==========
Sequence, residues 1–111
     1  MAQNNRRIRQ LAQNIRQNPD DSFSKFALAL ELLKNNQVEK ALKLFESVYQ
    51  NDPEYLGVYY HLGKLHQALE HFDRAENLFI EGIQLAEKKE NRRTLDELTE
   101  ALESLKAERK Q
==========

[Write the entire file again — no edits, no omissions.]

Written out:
Sequence, residues 1–111
     1  MAQNNRRIRQ LAQNIRQNPD DSFSKFALAL ELLKNNQVEK ALKLFESVYQ
    51  NDPEYLGVYY HLGKLHQALE HFDRAENLFI EGIQLAEKKE NRRTLDELTE
   101  ALESLKAERK Q